Perhaps, in the end, the problem for Schock was that he flouted the rules in such a notable way. So many politicians are more subtle. They don’t use campaign funds to paint the walls of their offices the color of a fine pinot noir with the help of a “pro-bono” decorator, or furnish them with such accoutrements as vases full of pheasant feathers. (Though at least the sepia portraits that hung above Schock’s gold-accented sconces were of Presidents, rather than of aristocratic ancestors.) They don’t post photos from their junkets on Instagram, or sell a house in Peoria to a campaign donor for a few hundred thousand dollars more than comparable houses in the neighborhood. Or, at least, they keep such transactions a couple of steps removed, maybe in the form of a job or a below-market apartment for a relative, or an investment in a son-in-law’s business. Once one gets past some of Schock’s poorer decisions (a GQ photo shoot, the bare-chested Men’s Health cover), the money aspects of his downfall seem routine and boring. (Mileage reimbursements?) Some of the attention he got probably had more to do with speculation about his personal life than his financial probity. But the story showed something about politics, too. The usual, quiet exchanges of money and influence carried out in Washington were, in Schock’s case, affectionately recorded on social media for all to see-- which somehow made them look even worse.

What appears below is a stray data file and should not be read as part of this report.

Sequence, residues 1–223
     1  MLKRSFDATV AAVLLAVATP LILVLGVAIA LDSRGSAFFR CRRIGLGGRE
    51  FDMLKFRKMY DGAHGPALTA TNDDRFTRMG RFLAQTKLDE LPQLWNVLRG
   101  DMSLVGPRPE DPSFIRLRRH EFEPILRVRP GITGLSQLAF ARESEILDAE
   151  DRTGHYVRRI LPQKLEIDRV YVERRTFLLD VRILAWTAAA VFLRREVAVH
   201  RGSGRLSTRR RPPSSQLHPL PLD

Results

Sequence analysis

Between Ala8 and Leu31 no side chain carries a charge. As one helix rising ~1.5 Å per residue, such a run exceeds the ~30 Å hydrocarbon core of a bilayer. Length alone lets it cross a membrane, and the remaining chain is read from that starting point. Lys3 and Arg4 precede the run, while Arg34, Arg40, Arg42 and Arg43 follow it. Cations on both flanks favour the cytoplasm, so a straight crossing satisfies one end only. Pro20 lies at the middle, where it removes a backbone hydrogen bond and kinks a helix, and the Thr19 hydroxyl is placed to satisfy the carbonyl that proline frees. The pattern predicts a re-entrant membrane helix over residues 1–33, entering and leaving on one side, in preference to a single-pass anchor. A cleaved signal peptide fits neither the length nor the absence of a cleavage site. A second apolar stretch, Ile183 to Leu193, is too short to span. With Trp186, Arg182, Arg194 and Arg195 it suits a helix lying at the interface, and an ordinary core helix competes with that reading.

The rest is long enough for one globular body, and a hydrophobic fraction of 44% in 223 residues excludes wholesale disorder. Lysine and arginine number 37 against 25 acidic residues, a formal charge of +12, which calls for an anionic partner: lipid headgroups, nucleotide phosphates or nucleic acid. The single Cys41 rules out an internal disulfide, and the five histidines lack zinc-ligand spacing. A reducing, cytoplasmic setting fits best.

That’s not a defense, but it does illustrate the many ways in which money distorts politics. There is a common worry that the grinding need to raise money has discouraged the best people from running for public office. Who would want to spend hours on the phone every day, asking people for contributions? ... Schock was, reportedly, excellent at raising money for colleagues and was happy to do it. That was one reason that he was taken semi-seriously in the G.O.P. caucus, even though he didn’t get any bills passed. (In today’s Congress, who does?) He was unashamed about the things that other people point to as the soul-destroying reasons that they leave politics; he even seemed to like them. He saw how Congress operated, and loved it. Schock celebrated his campaign-donor-funded self... Schock’s father added, “He’s had a lot of fun. He enjoys his job. He enjoys people, he enjoys doing things for people.” That, in today’s Washington, passes for something approaching madness.
It will be hard to imagine that grand jury in Springfield setting in motion a process that ends in another jury sending Schock to prison, regardless of how guilty they find him. He's one of them and they coddle him... still.

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At 11:52 AM, Anonymous Anonymous said...

Dad's comments indicate where Aaron's disdain for the law came from. IF IRS wasn't neutered by GOP budget cuts, I'd be looking at Dad's returns.

At 7:37 PM, Anonymous Bil said...

Second on checking out Daddy Schock's taxes.

Wasn't abusing mileage Marcus Bachmann's favorite way to raid the constituents that Michelle did squat for?